The Internet is an inexhaustible source of information for us. And all we have to do, if we want information, is to query the Internet to get the answer we want.
But who provides this information and how? All this is possible thanks to what is called the webserver. This machine responds to the computer requests of our browsers also called Web Clients.
Web servers are essentially simple computer programs that distribute the web page at the request of the web client. The machines on which this program runs are usually called servers, with the names web server and server almost used interchangeably.
Generally, when you think of web servers, many people think of them as very powerful computers, which is sometimes true since some very powerful computers are also called web servers. But these computers are built with the sole purpose of hosting web sites (we speak of shared hosting). However, when someone refers to a web server, it mainly means software that can be downloaded to a more or less powerful machine (you can create a web server on your home computer).
When do you need a web server?
Typically, web servers are used by web hosting companies and professional web application developers. But, in reality, anyone who meets one of the categories below can use it.
- One who has a website (so that the local copy on his system looks like it is on the Internet).
- Anyone who wants to use server-side technologies, such as PHP or ColdFusion, can also use the webserver.
How do web servers work?
A page on the Internet can be displayed when the browser requests it from the Web server and the latter response by sending the code for this page to the browser. A simple schematic representation of this is given below:
This process consists of 4 steps, which are:
Obtain the IP address of the domain name: our web browser first obtains the IP address to which the domain name is attached. It can get the IP address in two ways-
By searching in his cache.
By asking one or more Domain Name System (DNS) servers.
Note: Any website is assigned an IP address when it is created on the webserver.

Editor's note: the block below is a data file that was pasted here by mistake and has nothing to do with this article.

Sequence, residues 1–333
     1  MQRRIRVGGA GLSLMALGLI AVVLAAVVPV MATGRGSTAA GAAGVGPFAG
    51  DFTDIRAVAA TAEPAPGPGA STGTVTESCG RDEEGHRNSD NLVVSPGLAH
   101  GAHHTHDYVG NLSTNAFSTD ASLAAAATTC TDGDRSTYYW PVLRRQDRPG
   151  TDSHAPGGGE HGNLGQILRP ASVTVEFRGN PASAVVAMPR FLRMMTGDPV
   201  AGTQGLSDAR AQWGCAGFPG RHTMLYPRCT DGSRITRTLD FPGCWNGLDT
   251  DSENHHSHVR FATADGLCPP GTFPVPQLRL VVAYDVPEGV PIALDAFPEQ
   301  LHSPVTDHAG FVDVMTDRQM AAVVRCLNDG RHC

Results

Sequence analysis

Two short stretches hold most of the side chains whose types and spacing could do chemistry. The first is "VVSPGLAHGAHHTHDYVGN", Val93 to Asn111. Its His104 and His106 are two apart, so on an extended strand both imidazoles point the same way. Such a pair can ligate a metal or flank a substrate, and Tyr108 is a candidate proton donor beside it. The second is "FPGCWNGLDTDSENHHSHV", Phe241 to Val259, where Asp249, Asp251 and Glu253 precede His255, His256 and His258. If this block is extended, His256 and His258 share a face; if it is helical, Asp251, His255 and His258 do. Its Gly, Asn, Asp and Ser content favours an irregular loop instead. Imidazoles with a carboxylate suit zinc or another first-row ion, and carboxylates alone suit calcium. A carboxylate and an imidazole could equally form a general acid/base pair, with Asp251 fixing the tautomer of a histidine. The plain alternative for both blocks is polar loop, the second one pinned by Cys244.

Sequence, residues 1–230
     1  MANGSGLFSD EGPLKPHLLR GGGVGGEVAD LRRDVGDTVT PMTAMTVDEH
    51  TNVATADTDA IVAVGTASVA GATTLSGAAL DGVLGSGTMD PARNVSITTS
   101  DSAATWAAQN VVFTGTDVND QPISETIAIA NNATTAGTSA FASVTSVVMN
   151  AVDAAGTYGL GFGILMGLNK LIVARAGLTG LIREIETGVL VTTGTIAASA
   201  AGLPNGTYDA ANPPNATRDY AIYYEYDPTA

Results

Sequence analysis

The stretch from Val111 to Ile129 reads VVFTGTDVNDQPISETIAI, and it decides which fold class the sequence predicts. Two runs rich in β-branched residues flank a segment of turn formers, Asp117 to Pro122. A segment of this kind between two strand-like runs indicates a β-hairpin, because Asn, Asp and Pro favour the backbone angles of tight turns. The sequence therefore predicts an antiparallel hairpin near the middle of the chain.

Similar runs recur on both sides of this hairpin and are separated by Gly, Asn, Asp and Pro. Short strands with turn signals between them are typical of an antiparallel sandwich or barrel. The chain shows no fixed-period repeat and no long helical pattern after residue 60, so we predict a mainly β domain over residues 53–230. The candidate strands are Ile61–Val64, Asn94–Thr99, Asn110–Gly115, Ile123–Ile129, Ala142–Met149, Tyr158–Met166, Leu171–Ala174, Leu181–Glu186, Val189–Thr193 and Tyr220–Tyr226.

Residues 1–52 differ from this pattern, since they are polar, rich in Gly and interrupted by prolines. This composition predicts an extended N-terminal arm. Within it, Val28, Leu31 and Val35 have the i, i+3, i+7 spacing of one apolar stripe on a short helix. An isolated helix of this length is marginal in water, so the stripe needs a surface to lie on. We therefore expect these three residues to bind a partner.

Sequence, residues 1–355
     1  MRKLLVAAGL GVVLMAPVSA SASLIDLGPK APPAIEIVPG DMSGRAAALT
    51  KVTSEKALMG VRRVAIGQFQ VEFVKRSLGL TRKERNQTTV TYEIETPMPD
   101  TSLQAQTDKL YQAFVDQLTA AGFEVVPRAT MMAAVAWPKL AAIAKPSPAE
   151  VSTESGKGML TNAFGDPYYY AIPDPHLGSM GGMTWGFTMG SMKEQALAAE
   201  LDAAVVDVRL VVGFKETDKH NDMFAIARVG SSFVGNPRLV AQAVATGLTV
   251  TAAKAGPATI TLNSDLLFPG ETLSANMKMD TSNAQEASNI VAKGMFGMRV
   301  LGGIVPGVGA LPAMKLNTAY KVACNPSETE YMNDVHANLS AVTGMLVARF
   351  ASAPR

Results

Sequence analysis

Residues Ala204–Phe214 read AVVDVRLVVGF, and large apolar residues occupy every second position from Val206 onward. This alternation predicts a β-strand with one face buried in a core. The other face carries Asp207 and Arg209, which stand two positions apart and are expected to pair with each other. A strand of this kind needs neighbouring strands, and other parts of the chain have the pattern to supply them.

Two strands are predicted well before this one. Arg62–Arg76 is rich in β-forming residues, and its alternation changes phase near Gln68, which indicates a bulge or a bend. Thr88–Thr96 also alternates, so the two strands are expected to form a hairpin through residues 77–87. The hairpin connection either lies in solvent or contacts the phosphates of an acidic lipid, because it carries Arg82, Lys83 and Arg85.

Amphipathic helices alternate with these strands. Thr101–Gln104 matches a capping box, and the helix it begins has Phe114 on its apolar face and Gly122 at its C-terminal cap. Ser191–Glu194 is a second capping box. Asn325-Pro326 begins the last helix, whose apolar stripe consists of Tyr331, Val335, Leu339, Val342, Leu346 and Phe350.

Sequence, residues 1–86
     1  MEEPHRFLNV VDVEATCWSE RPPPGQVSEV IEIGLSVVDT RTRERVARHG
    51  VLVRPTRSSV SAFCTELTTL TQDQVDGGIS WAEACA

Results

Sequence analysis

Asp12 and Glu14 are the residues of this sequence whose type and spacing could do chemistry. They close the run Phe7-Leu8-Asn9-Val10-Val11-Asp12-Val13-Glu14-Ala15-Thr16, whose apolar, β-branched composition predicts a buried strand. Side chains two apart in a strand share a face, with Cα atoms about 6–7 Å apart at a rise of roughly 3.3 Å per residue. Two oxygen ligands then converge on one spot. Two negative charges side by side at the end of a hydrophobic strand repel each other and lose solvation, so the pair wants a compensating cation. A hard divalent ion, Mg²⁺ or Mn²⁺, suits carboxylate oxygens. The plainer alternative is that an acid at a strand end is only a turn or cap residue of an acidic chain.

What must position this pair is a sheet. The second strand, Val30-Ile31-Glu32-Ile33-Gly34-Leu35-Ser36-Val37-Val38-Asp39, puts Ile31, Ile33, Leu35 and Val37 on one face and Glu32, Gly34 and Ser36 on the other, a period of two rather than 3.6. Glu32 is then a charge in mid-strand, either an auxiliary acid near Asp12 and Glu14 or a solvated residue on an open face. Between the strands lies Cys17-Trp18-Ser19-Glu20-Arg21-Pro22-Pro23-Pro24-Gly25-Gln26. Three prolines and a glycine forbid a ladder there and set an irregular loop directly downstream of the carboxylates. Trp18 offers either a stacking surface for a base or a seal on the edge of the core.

The browser requests the full URL: after knowing the IP address, the browser now requests a full URL from the webserver.
The web server responds to the request: the web server responds to the browser by sending the desired pages. If the pages do not exist or if another error occurs, it sends the appropriate error message.
For example, You may have seen the 404 error when trying to open a web page, which is the message sent by the server when the page does not exist.
Error 401 is another common problem when we are denied access due to incorrect credentials, such as username or password.
The browser displays the web page: The browser retrieves the web pages and displays or displays the error message.
Popular web servers
There is many web server software, such as Apache, Microsoft IIS, Nginx Web Server, Light Speed Web Server. But, the two most popular are:
Apache HTTP Server: This is the most common and widely used web server. It is developed and maintained by the Apache Software Foundation. The software is produced under the Apache license, which makes it free and open source.
It is available for various operating systems: Windows, Mac OS X, Unix, Linux, Solaris, Novell Netware and FreeBSD.
Microsoft Internet Information Service: Microsoft IIS (Internet Information Service) is the second most used Web server. Its market share is increasing every day very quickly and is likely to reshape Apache in the years to come. The IIS server has all the features like Apache, but it is not open source. Developed and updated by Microsoft, it, therefore, works with all platforms of the Windows operating system.
In summary, web servers can be used by an individual or by web hosting companies. The website can be viewed by anyone around the world (if the software is configured to allow it).
The power of a web server
We have seen that a Web server can be implemented by an individual or by hosting companies. The two uses will not require the same power. It is easy to imagine that a professional host will install many websites on the same machine (pooling). It will, therefore, need powerful machines so that response times are satisfactory for Internet users but also for Google. And this is not often what we observe: low-cost shared hosting (around one hundred dollars per year) is often incompatible with the professional use of the Internet (e-commerce, acquisition of prospects). Indeed, the machines are undersized, the number of sites hosted on each machine is too high or the distribution of sites on the same machine poorly calibrated. in fact, when a site with high traffic and smaller sites coexist, resources are mainly monopolized by the large site, which penalizes small sites.
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